The number of businesses in significant financial distress has jumped by a quarter over the past year to 650,000, according to insolvency specialists.
Begbies Traynor said that, while businesses have benefited from the ending of lockdown, "constant changes" to the government's road map have left many firms struggling to survive.
The insolvency advisors’ new report finds that there has also been a sharp rise in the number of "zombie" businesses which have taken on unsustainable debt through Covid loan schemes which they cannot repay.
Businesses that took on loans through the Bounce Back and CBILS schemes are now having to make their first repayments, 12 months after taking on debt at the height of the pandemic.
The report provided evidence that businesses which have been protected from insolvency by emergency measures brought in during the pandemic could soon face demands to repay debts.
Official figures show that court activity is picking up as creditors, especially landlords, become more aggressive in chasing debts, Begbies said.
Companies received 14,460 county court judgments during April, May and June - almost double the number lodged in the same period last year.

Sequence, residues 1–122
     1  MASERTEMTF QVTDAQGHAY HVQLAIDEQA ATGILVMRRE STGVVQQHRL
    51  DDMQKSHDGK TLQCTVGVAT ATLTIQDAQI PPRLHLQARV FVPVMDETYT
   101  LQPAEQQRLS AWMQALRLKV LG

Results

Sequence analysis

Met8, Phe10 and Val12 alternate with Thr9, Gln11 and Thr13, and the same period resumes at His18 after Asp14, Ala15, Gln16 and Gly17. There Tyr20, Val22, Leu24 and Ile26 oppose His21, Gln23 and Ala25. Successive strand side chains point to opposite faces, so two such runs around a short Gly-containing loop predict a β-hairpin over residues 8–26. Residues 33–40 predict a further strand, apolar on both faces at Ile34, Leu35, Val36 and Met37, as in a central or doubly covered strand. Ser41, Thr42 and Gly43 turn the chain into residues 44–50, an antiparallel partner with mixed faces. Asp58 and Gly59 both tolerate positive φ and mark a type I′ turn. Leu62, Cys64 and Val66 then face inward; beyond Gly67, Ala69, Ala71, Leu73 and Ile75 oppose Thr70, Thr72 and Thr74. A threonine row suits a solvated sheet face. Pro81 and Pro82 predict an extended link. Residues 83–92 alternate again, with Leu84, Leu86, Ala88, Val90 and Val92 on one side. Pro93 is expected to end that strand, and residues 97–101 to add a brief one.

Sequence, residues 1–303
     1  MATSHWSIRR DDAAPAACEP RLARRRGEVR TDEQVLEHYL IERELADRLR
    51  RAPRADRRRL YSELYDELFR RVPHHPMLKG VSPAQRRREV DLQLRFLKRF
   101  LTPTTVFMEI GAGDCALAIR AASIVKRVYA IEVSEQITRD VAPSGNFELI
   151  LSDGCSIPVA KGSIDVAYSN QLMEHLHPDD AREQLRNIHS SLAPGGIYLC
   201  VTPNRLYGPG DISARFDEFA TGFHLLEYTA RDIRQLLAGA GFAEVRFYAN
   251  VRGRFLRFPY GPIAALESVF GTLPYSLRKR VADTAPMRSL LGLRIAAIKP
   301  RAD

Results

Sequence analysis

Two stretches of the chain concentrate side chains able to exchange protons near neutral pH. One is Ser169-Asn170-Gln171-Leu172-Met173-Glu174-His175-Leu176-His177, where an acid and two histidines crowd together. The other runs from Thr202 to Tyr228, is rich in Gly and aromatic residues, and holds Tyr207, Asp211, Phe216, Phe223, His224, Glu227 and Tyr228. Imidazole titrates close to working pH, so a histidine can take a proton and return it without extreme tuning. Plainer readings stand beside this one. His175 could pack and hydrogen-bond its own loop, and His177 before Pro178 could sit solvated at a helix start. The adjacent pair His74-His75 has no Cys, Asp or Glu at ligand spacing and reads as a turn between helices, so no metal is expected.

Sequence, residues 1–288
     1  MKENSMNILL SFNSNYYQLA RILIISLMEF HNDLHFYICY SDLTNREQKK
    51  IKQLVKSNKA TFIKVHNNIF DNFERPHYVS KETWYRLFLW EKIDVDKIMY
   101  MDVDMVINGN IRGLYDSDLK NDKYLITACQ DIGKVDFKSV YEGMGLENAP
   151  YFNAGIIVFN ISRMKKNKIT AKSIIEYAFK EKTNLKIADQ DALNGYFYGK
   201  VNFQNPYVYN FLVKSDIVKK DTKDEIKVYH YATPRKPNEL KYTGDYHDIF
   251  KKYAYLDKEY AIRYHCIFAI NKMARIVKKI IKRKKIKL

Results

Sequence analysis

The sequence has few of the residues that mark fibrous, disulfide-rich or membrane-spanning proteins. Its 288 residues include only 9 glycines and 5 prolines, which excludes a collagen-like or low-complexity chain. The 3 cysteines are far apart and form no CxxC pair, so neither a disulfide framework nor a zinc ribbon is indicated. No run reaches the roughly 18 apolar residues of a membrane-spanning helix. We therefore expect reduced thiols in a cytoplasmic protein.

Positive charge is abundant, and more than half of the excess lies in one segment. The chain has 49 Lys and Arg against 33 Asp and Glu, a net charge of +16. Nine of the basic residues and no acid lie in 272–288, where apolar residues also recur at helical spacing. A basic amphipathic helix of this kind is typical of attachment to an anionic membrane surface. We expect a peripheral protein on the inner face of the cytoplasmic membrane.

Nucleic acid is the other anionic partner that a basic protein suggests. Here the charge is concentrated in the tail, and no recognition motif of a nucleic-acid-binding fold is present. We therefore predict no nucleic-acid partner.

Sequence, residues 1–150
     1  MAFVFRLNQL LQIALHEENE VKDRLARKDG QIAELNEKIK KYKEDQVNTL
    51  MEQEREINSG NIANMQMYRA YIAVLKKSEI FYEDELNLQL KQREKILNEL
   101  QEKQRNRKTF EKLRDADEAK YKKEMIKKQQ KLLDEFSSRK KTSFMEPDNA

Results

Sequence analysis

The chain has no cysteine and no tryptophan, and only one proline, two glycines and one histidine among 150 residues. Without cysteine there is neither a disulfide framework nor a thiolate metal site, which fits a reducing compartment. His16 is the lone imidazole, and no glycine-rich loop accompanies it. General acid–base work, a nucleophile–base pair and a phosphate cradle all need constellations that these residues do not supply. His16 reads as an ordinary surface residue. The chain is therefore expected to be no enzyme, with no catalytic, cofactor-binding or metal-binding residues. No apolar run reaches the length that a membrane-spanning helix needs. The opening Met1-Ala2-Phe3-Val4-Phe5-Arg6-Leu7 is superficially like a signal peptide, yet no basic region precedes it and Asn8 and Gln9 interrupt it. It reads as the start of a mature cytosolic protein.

The government has yet to lay out how it will deal with billions of pounds of debt built up during the pandemic which analysts have warned could hamper the economic recovery.
Julie Palmer, partner at Begbies Traynor, said many companies remained in a fragile state, despite the removal of restrictions on 19 July.
“Although the reopening of the retail and hospitality sector has given the economy a boost in Q2, the number of zombie businesses remains considerable, with many in a fragile state," Ms Palmer said.
“Whilst 'Freedom Day' on 19th July has given many businesses a sense or normality, history suggests that unmanageable levels of debts and subsequent overtrading will eventually take their toll on these businesses."
Researchers used a scoring system which screens companies for a sustained or marked deterioration in key financial ratios and indicators including working capital, contingent liabilities and the amount of profits they have retained.
Ric Traynor, executive chairman of Begbies Traynor, warned that businesses faced living with sustained levels of debt for years to come
“Hidden risks abound for UK businesses and all represent a real threat to corporate survival in the short term," he said.
Among those is a shortage of supplies which has affected car makers, electronics firms and builders' merchants, among others.
Staff absence due to self-isolation and the limited availability of foreign/migrant labour due to Covid and Brexit is also having an impact, Mr Traynor said.
He predicts that these factors mean the number of businesses becoming insolvent is likely to increase in the latter months of this year and into 2022.
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